It was a roller coaster of emotions, but in the end I finished it and that is the highlight of my senior year. To those who’ve supported, loved, encouraged, and celebrated me, I wanna say thank you. I couldn’t have gotten through high school without you all. I’m ready to get this whole graduation thing over with and begin my next journey in life and see what God has planned for me.

join me on my film journey.

-Amiya Poplar

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  • Writer's pictureThe Poplar Family

Updated: Apr 15, 2021

Two became one. Then one became four. Now we are eight. Bananas, right? Our oldest son who was four in this photo is now 22, and our oldest daughter who was two, is now 20. Back then, we dreamed of doing so much of the stuff we do now. Now, we often long for the simplicity we knew then.

My days consisted of watching episodes of Dragon Tales, preparing PB & J sandwiches, and driving our son back and forth to a Mom's Morning Out that we could barely afford. My husband was in college full-time, worked for Coca Cola, RPS, did research for Tennessee State University, and owned a T-shirt business. I was a stay at home mom, made jewelry, and filled journals with poetry and deferred dreams.

The T-shirt Melvin is wearing was one that he printed displaying the triquetra symbol. Some say the three points signify the three stages of life: life, death and rebirth. In case you are wondering why I'm sharing all this randomness it's because I want you to know that your past, present, and future are as interconnected as the symbol on that shirt.

Time is limited. So don't waste it being consumed with other people's thoughts. When I look back at this photo, I don't reflect on Trinity's sweet kissy cheeks, Lil Melvin's cuteness, or Melvin trying his hardest to look sexy . . . All I see is the hint of sadness in my eyes.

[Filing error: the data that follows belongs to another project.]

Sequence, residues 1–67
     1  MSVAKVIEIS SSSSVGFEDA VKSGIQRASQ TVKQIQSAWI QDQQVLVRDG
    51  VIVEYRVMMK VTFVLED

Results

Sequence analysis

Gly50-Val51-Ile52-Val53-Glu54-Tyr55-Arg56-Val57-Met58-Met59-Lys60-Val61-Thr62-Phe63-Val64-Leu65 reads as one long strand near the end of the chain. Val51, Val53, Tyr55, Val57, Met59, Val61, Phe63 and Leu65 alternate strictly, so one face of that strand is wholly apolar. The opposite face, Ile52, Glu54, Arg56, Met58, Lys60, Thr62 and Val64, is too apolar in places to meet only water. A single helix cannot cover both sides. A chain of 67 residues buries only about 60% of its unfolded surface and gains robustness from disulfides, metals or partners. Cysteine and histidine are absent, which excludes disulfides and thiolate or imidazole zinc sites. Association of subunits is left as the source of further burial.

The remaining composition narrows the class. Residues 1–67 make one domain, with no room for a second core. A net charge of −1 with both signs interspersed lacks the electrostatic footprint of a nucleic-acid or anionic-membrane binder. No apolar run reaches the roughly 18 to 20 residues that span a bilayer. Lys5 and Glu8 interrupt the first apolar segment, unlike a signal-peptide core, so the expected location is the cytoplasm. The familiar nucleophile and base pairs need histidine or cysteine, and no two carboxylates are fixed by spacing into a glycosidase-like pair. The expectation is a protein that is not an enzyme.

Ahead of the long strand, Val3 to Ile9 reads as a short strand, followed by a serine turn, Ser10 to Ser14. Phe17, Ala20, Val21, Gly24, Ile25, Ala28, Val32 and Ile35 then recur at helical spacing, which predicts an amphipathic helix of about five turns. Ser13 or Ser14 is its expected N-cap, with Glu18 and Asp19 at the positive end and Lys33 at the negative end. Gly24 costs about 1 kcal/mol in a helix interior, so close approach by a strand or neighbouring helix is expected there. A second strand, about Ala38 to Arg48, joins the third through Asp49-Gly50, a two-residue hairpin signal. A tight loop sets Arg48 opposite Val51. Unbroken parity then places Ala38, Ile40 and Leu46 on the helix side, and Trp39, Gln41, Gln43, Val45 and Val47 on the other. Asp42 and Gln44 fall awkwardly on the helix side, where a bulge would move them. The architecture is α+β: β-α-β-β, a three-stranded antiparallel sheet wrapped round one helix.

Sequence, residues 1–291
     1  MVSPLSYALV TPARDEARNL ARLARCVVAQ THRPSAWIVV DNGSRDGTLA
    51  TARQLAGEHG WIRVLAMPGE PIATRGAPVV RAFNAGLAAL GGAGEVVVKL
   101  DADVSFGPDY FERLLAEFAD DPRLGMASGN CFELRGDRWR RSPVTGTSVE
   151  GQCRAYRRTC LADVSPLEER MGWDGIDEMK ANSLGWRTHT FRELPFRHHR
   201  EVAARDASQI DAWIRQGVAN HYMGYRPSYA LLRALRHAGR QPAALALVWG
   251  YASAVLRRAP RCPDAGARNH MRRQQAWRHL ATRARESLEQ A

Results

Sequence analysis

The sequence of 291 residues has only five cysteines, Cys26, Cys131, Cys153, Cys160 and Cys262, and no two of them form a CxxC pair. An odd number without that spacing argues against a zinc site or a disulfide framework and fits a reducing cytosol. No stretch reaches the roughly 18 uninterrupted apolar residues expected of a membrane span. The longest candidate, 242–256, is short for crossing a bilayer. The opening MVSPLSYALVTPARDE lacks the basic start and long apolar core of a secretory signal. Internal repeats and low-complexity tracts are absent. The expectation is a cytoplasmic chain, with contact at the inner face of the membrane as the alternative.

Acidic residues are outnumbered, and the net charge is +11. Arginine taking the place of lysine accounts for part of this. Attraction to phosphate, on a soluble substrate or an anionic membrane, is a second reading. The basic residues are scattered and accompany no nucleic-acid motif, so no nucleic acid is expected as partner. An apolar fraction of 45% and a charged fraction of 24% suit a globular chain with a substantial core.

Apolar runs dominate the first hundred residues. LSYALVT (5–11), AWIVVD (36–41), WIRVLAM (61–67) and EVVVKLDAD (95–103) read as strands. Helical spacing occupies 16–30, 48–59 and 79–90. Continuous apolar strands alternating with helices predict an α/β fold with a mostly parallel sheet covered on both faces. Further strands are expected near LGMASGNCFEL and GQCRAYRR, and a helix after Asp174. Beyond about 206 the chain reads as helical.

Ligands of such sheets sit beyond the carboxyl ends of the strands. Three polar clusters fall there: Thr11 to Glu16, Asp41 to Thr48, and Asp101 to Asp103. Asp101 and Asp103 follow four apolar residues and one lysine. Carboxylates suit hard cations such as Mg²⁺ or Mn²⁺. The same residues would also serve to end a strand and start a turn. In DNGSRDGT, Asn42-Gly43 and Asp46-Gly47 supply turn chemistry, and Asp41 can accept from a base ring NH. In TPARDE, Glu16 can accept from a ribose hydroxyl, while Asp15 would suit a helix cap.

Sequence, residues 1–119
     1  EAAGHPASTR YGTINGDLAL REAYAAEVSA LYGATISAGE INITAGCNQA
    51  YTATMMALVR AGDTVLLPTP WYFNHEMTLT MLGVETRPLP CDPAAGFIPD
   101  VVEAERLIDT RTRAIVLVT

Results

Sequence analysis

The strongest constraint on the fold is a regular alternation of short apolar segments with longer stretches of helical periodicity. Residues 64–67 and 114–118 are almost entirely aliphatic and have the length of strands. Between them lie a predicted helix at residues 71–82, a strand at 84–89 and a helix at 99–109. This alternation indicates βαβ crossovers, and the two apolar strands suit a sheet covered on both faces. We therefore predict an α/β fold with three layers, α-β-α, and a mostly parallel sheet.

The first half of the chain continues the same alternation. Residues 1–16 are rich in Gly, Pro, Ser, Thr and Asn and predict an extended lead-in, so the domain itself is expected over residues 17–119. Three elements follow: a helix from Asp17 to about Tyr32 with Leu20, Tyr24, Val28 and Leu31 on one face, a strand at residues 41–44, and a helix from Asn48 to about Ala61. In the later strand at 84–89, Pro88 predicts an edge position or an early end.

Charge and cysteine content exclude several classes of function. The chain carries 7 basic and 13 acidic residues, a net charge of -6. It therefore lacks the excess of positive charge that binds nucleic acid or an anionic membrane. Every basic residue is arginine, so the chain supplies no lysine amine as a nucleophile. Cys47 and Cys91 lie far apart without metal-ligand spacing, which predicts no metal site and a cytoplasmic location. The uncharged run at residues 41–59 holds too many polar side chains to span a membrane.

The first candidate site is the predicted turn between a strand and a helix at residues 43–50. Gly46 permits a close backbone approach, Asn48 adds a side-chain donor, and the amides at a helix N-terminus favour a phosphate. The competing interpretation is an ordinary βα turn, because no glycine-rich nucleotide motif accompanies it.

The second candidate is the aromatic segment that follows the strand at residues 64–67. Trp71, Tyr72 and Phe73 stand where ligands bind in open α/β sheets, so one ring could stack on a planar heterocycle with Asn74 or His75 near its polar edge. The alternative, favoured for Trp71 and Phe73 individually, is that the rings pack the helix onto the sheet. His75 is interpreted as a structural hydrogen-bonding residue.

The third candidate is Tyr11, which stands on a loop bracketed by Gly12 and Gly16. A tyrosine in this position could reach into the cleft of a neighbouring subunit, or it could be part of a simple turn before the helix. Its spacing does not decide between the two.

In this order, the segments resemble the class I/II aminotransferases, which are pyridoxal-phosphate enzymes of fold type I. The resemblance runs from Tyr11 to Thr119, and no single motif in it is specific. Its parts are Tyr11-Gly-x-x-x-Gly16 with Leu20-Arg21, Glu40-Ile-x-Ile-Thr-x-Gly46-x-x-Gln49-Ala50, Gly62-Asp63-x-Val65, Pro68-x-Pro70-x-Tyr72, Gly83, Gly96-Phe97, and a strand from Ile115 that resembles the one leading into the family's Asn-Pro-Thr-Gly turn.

Perhaps you are wondering why. Why would someone with such a hard working handsome husband and super cute kids be sad? I was too consumed with what someone else thought of me to appreciate what my husband, kids, and most importantly, my Creator thought of me. I had no clue how fast time would fly. Here I am, two decades later and I’m just learning to "eat the cake."

We had a neighbor who would judge me, my marriage, my parenting methods. Her words would echo in my mind long after we spoke. Prior to meeting her, I'm sure all the things she highlighted existed, but they didn't cause me to be insecure until she pointed them out.

After conversations with her I often felt fat, frustrated, forgotten, and pretty much like I was failing at everything. One day I confided in my older brother how her opinions were consuming my thoughts and he told me to tell her to "eat the cake."

I was like “what in the world is this boy talking about?" He explained, "Sometimes people come into your life and they want to know all your ingredients, others, simply eat the cake. If someone is more interested in dissecting you rather than connecting with you, tell them they can either "eat the cake" or "sthu."

Don’t be like me. Don’t wait until two decades later to eat the cake. Start surrounding yourselves with cake connoisseurs. True cake lovers will celebrate you as they discover the ingredients in your mix. Culinary critics will compromise the integrity of how you bake when they keep opening the oven to check and see if you are done.

Matthew 7:5 MSG

Don’t pick on people, jump on their failures, criticize their faults—unless, of course, you want the same treatment. That critical spirit has a way of boomeranging. It’s easy to see a smudge on your neighbor’s face and be oblivious to the ugly sneer on your own. Do you have the nerve to say, ‘Let me wash your face for you,’ when your own face is distorted by contempt? It’s this whole traveling road-show mentality all over again, playing a holier-than-thou part instead of just living your part. Wipe that ugly sneer off your own face, and you might be fit to offer a washcloth to your neighbor.

Time is limited. So don't waste it being consumed with other people's thoughts.
Eat the cake!